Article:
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Implanted Device Delivers Pancreatic Cancer Drugs

Pancreatic cancer device inventors

Pancreatic cancer device inventors, L-R, Matteo Ligorio, Laura Indolfi, and Elazer Edelman (Bryce Vickmark, MIT)

15 April 2016. An engineering and medical research team developed an implanted device that in lab mice delivers chemotherapy directly to cancerous tumors in the pancreas. The device, designed in a biomedical engineering lab at Massachusetts Institute of Technology and Harvard University, is described in an article appearing 31 March 2016 in the journal Biomaterials (paid subscription required).

The technology, created in the lab headed by engineering and medical professor Elazar Edelman, seeks to offer people with pancreatic cancer more and better therapeutic options. Pancreatic cancer is often difficult to diagnose in its early stages, due to few unique symptoms associated with the disease, as well as the pancreas being hidden among other organs in the body. As a result, it is often diagnosed in later, more advanced stages of the disease, with generally a poor prognosis for survival. American Cancer Society estimates more than 53,000 people in the U.S. will be diagnosed with pancreatic cancer this year, leading to nearly 42,000 deaths.

Another characteristic of pancreatic cancer is a thick fibrous coating that builds up on tumors, making it more difficult for drugs to penetrate. In addition, tumors in the pancreas have fewer blood vessels, limiting the routes available to deliver drugs.

The overcome these obstacles, MIT postdoctoral researcher Laura Indolfi in the Edelman lab, with David Ting and Matteo Ligorio at Massachusetts General Hospital, affiliated with Harvard Medical School, developed a flexible plastic film, loaded with chemotherapy drugs that fits over a tumor in the pancreas. The film itself is made from poly lactic-co-glycolic acid or PLGA, a biocompatible and biodegradable polymer often used in medical devices and for drug delivery.

Because of its flexibility, the film can be rolled up and delivered with a catheter to the cancer site, which unfolds and wraps around the tumor, or surgically implanted. The film is first loaded with enough chemotherapy drugs for 60 days, and programmed to release the drugs over that period. In addition, the device emits the drugs only from the side of the film facing the tumor, to limit damage to other organs.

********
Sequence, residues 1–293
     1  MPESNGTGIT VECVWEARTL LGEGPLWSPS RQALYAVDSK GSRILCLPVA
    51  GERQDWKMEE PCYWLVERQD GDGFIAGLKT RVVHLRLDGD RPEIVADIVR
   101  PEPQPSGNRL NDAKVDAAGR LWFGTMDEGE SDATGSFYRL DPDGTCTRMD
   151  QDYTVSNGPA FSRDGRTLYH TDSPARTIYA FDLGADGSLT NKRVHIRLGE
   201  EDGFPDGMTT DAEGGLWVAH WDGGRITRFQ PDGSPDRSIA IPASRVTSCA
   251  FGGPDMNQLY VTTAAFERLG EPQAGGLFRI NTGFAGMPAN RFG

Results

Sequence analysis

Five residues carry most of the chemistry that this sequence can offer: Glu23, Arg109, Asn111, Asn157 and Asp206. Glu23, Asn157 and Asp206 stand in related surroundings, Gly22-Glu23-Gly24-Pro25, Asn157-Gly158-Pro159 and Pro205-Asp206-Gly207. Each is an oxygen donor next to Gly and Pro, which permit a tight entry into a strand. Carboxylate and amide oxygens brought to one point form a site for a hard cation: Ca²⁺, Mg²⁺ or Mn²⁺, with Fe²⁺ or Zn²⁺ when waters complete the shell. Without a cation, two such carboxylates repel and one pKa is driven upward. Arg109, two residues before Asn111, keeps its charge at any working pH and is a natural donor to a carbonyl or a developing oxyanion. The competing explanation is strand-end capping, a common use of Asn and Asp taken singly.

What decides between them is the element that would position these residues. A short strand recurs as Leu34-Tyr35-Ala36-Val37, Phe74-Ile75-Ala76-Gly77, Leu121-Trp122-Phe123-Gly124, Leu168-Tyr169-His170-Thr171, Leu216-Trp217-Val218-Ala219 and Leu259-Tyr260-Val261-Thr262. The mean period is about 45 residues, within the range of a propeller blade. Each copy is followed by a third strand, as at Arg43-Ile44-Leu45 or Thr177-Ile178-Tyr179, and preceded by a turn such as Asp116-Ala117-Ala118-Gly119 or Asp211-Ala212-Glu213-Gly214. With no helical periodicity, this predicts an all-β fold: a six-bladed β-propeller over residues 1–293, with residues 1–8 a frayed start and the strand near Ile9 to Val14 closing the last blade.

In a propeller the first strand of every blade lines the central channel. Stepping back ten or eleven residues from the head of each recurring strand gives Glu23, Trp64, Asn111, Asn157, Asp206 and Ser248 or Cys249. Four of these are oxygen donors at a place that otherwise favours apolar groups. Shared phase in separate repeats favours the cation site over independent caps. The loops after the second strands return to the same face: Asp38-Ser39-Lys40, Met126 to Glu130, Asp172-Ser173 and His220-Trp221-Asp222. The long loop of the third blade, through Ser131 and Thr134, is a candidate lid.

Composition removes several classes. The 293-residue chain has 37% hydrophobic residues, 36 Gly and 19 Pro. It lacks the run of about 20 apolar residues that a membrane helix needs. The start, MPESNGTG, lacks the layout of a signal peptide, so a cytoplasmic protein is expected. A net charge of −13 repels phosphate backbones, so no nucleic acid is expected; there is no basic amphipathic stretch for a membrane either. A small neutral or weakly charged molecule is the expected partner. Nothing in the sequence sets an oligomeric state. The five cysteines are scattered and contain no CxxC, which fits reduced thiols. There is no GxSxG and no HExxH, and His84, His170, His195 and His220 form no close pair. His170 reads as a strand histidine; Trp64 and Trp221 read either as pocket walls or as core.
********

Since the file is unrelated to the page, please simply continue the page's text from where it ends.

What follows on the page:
The researchers tested the device on lab mice grafted with human pancreatic tumors. Some of the mice received the implanted device with the chemotherapy drug paclitaxel often given to treat sold tumor cancers, while the other mice received injections of paclitaxel, similar to current chemotherapy delivery methods, for 4 weeks.

After 4 weeks, mice with the device-delivered drugs had 5 times higher concentrations of paclitaxel in their tumors than mice receiving the drug through injections. Moreover, mice with the devices were found with 12 times less tumor growth, and in some cases shrinkage of tumors, than those with injected drugs. In addition, mice receiving drugs through the device had less metastasis, or spreading, of the cancer to other organs.

The authors say this drug delivery technology may have other uses. People with pancreatic tumors sometimes encounter blockages in their bile ducts from the spread of the cancer, a painful condition that interferes with digestion. Combining the drug-coated film with a stent could relieve the blockage and prevent the cancer spreading again to the duct, extending the lifetime of the stent. The device could also treat other solid tumor cancers that are difficult to reach and those needing high doses of chemotherapy, but would be too toxic to patients if delivered with conventional infusions.

Indolfi, Ting, and Edelman founded PanTher Therapeutics in 2014, a company in Boston commercializing the drug delivery technology. Indolfi is PanTher’s CEO and co-author Ligorio is the company’s lead clinician. PanTher is planning clinical trials of its device and is seeking partners to expand the technology to other disorders.

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